Leakage refers to the effect of a carbon-storing activity in one place simply resulting in a carbon-emitting activity occurring in another place. A perfect example that is proposed in the ANEW report is that state lands in Haines be put into the carbon credit market. Putting state lands that would otherwise have been cut into the carbon market meets the additionality standard. But if the state simply cuts more trees elsewhere on public lands to meet pre-existing harvest goals, that is a direct example of leakage. Leakage reduces or eliminates the value of carbon credits.

Permanence is the requirement that the GHG-reducing activity of a carbon credit project is durable and long-lasting. CO2 and other greenhouse gasses have long-lasting impacts, therefore people buying carbon credits are buying them so that the GHGs are stored for a very long time. Ninety-nine years is a common permanence benchmark, the 55 years proposed in the ANEW report is completely inadequate.


Carbon offset credit programs that do not meet these three criteria face several risks.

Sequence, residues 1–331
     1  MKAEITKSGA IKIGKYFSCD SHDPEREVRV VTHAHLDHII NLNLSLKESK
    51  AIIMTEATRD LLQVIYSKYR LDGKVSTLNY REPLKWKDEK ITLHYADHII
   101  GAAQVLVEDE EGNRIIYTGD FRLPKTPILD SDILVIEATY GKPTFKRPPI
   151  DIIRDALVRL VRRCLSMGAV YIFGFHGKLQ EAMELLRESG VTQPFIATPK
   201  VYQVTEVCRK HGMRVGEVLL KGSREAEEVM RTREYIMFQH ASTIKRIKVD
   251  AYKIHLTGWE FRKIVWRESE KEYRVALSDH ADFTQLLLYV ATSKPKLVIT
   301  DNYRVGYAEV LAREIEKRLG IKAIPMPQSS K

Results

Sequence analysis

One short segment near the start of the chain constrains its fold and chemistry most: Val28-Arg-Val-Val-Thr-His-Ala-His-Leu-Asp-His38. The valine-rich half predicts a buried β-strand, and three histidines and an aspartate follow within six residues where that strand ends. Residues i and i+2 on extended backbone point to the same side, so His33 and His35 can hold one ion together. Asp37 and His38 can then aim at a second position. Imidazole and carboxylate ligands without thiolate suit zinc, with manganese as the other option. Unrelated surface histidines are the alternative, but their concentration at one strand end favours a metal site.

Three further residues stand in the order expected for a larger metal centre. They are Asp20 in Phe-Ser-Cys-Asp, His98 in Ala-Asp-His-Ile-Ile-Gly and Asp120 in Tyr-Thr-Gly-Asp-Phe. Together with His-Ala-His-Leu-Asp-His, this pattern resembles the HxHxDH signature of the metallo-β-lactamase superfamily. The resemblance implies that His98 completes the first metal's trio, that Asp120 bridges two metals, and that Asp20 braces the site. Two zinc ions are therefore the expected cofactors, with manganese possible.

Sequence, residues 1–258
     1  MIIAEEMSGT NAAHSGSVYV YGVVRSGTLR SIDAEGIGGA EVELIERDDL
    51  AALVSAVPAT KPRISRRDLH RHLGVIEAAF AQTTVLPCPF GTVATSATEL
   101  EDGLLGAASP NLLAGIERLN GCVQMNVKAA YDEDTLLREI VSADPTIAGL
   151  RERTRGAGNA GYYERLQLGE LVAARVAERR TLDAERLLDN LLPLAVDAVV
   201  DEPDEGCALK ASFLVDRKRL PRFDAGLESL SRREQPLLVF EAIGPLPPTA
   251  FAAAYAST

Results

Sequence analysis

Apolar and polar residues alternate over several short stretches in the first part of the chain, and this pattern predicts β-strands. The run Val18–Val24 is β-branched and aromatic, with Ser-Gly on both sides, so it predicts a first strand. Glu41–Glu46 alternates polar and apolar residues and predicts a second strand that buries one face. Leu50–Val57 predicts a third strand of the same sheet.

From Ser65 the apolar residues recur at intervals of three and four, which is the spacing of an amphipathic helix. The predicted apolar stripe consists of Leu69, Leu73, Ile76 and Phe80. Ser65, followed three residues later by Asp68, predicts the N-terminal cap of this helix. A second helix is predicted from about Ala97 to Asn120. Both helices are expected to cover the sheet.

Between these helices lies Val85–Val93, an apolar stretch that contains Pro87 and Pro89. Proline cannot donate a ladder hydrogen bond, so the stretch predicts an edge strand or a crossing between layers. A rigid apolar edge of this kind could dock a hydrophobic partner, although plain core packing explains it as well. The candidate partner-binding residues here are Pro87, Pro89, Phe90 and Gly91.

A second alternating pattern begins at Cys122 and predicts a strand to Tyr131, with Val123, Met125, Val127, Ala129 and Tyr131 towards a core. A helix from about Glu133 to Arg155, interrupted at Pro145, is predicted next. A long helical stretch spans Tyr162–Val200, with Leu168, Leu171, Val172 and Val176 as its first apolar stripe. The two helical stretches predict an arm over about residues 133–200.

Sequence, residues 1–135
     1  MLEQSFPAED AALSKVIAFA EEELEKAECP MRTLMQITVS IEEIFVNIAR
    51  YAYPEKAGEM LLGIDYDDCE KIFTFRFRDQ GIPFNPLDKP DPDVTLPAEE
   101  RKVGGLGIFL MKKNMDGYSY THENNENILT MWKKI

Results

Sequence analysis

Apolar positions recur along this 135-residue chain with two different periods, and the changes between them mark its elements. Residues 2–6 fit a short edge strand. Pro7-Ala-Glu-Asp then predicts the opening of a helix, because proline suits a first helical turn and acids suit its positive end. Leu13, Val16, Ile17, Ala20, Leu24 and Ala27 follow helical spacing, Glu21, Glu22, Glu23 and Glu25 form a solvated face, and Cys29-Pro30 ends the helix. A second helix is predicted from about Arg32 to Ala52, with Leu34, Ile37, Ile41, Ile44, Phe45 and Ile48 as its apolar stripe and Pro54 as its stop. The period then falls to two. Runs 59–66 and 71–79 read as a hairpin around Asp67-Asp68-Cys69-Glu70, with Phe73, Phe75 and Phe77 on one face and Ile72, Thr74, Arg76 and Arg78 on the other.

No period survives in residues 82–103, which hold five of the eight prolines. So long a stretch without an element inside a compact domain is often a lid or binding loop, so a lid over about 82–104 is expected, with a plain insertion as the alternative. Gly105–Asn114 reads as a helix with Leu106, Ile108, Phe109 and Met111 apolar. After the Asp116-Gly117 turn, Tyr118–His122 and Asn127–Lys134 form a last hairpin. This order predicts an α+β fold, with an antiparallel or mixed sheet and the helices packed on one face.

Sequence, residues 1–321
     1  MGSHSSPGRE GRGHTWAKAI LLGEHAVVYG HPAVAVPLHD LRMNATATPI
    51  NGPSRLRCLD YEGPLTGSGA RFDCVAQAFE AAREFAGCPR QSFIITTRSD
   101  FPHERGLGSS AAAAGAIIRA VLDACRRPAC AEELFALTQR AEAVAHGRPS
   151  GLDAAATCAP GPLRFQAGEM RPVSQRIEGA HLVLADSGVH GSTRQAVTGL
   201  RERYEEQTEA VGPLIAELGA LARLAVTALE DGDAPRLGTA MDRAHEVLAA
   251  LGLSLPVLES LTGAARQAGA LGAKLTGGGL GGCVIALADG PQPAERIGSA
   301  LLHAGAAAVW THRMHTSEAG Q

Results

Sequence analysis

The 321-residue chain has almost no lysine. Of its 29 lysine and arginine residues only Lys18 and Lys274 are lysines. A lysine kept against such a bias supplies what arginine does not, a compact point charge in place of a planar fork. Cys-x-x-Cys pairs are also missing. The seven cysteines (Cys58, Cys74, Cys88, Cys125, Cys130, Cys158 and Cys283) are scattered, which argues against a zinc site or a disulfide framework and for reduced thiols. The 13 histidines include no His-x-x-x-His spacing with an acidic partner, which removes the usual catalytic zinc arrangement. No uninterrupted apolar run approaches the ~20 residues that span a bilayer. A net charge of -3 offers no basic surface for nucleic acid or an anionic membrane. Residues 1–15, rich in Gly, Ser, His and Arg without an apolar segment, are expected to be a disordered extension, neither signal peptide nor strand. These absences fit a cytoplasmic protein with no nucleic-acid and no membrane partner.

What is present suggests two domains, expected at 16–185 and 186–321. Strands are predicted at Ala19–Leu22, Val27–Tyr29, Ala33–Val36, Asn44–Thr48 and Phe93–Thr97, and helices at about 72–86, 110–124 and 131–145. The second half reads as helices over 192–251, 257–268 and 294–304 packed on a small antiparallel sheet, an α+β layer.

• The first risk is that buyers will simply not be interested in credits that do not represent real, additional, and permanent offsets across Alaska’s public lands. 
  • Even if there are buyers, a program that is weaker in the areas of additionality, leakage, and permanence will not bring the financial benefits that a stronger program would, not to mention the fish, wildlife, scenic, and climate benefits to the state that carbon offset programs provide. 
  • There is real value in storing carbon in natural landscapes rather than allowing it to be emitted into the atmosphere. The EPA conservatively estimates that each ton of carbon emitted into the atmosphere will cost society $51 in climate change-related damages and lost opportunities in the next century. In Alaska, these costs manifest in ways such as declining fisheries, extreme weather events, or coastal erosion and village relocation. Each ton of carbon stored avoids these costs, so stronger carbon offset programs represent real long-term savings to the state of Alaska.